Farm Ireland
Independent.ie

Wednesday 20 September 2017

Bulls should be included in the grid to close the gap in price

Having slaughtered most of our bulls and heifers in recent weeks, it seems very obvious to me that there is a striking unfairness at play over prices paid for young bulls.

In short, we need a quality payment grid for young bulls, similar to that already operating for heifers and steers.

The factory returns from the cattle that were slaughtered show that whereas there might only be a small difference of say 5c/kg in the base price between bulls and heifers, bulls are only paid on the base price while heifers reached the top levels on the gird, resulting in a very substantial gap in price.

As an actual example, for a U=3= bull weighing 401kg compared to a U+3= heifer weighing 396kg, the difference was almost €120 in favour of the heifer. It's important to stress that these were cohort animals, all under 20 months.

I know the IFA took a lot of stick at the time of the introduction of the grid, and now that the dust has settled on that argument I think most people will agree that it has been good for beef farmers by adding value to quality in-spec animals. Now we need to move that on and introduce a quality payment system for young bulls as well.

Meanwhile, out on the land, grass growth has been non-existent and we went from a surplus of grass to a deficit in a very short space of time.

We have introduced silage to three groups of cows and calves in recent weeks in an attempt to slow the rotation.

Not an ideal situation but, on the bright side, it has meant that we have used all the round bales that were left over, though this week we have started into some of the pit silage that was left over and the forecast tells us that we are going to have this weather for another while.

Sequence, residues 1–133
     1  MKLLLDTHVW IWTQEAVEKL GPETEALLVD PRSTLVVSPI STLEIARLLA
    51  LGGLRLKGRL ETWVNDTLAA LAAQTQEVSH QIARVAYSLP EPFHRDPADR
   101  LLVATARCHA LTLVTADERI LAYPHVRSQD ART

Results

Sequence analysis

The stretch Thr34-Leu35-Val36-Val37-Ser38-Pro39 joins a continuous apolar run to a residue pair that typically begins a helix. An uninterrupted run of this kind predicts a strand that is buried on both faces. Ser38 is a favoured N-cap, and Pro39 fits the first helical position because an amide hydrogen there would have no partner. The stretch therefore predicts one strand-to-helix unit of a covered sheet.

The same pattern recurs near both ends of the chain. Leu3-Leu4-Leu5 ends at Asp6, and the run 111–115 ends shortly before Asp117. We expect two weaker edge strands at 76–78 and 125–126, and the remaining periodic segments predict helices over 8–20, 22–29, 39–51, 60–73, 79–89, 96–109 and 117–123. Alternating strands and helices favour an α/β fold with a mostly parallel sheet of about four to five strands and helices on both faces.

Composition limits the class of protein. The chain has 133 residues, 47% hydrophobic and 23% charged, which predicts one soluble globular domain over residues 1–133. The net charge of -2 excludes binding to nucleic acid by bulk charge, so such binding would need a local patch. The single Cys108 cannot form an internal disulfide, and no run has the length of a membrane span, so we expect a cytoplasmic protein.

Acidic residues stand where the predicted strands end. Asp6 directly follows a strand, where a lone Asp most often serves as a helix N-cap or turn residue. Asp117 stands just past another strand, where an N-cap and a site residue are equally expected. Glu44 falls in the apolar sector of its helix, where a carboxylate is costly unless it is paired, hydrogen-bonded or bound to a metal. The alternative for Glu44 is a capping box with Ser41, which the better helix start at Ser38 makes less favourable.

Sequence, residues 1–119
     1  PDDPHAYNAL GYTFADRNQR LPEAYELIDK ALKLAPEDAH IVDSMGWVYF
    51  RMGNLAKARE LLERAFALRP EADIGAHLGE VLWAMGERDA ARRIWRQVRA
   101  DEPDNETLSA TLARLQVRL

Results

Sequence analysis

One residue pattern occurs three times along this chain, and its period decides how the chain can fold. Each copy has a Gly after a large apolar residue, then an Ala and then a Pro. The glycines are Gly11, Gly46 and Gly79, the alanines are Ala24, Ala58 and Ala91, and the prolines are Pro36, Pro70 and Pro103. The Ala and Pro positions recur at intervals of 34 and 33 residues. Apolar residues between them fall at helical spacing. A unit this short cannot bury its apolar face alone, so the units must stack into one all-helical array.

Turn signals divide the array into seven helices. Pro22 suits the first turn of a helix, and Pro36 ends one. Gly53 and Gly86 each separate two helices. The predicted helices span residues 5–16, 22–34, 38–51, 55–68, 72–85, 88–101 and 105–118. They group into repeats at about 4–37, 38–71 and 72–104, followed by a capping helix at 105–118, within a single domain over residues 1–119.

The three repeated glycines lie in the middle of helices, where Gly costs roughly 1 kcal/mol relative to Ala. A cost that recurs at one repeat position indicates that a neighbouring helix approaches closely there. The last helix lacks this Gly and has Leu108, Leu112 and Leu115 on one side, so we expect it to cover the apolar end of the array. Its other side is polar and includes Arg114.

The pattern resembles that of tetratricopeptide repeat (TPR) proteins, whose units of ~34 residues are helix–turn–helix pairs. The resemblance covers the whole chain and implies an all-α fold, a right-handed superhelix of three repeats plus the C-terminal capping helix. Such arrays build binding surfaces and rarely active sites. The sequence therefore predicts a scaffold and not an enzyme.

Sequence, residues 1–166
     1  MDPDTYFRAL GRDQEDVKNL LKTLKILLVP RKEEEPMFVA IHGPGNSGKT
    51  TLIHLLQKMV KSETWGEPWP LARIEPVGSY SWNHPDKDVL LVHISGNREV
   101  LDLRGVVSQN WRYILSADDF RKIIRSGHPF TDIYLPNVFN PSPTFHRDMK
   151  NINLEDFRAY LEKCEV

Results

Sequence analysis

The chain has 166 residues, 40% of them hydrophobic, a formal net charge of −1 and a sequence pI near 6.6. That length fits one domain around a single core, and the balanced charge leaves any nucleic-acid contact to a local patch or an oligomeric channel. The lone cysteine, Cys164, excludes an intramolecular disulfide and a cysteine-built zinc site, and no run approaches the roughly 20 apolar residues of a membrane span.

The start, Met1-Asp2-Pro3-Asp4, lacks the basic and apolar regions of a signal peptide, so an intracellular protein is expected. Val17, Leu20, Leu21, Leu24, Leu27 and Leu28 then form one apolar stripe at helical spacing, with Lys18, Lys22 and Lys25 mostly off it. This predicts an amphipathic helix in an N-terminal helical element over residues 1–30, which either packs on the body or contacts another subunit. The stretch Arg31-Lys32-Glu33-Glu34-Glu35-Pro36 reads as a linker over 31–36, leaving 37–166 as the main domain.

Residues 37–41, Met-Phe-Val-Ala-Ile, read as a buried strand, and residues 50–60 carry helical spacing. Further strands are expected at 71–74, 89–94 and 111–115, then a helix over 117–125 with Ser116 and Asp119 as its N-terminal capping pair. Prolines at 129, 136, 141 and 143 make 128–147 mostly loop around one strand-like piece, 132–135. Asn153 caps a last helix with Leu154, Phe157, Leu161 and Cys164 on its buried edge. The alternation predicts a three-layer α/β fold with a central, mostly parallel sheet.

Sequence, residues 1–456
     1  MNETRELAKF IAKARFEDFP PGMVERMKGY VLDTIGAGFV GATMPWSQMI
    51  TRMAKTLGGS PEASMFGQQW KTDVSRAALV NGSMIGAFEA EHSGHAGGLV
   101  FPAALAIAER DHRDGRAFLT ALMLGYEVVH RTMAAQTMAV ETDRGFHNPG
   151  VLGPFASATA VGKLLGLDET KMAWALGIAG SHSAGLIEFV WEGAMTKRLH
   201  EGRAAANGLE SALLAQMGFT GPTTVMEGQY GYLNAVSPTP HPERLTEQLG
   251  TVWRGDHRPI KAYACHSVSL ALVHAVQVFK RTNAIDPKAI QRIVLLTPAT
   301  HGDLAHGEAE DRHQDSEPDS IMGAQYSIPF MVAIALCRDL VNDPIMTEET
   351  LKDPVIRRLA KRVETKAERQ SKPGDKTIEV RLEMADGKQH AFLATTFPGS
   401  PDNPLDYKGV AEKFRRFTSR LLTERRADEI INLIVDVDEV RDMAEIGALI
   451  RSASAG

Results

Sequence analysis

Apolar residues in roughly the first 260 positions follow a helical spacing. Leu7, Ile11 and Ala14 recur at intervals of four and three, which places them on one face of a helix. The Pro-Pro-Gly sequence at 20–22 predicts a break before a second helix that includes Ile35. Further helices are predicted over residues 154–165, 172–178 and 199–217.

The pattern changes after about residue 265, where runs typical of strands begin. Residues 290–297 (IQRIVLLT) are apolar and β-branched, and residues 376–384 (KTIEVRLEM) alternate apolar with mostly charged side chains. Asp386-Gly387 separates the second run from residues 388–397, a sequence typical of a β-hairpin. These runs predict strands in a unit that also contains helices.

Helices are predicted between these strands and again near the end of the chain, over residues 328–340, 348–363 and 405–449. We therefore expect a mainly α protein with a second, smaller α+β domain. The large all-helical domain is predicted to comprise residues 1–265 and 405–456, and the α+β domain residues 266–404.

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So it's back to daily feeding. It's a two-man job to feed the cows silage in the field. The system we use is that we take down the silage feeder to the cows full of silage, drop it in the field and pick up the empty one from the previous day. So, as you can well imagine, it's very difficult to get into the field with the cows all crowding around the gate anxious to escape ... or just get into fresh grass.

We have had to treat a few calves for chills and one particular calf came down with pneumonia and, at this stage, it looks like he's not going to make it.

Although the calves have been out for two months by now, as of yet they haven't been treated for worms, something I would like to do as soon as the weather settles. I feel that both cows and calves are having a difficult enough time at the moment without the added stress of bringing them into the yard.

It looks like our plans to cut early silage have gone out the window since there is very little growth evident on the silage ground. The spring barley has been top-dressed with Super-Net at this stage, bringing the nitrogen up to a total of 110 units per acre.

We recently went to see our accountant to discuss last year's accounts and while our level of production from the farm has been steadily increasing, unfortunately the cost of that production has increased even more.

The big three costs for us are feed, fertiliser and contracting. We need to look at ways of reducing these without compromising our production. We have sown extra spring barley this year so at least we shouldn't run out of home-grown feed, which should be a help.

We are buying replacement heifers at the moment. Although they won't be bred until October, I always like to buy them at this time of year so they have the whole summer to settle and acclimatise to the farm.

Robin Talbot farms in partnership with his mother Pam and wife Ann in Ballacolla, Co Laois robintalbot@eircom.net

Indo Farming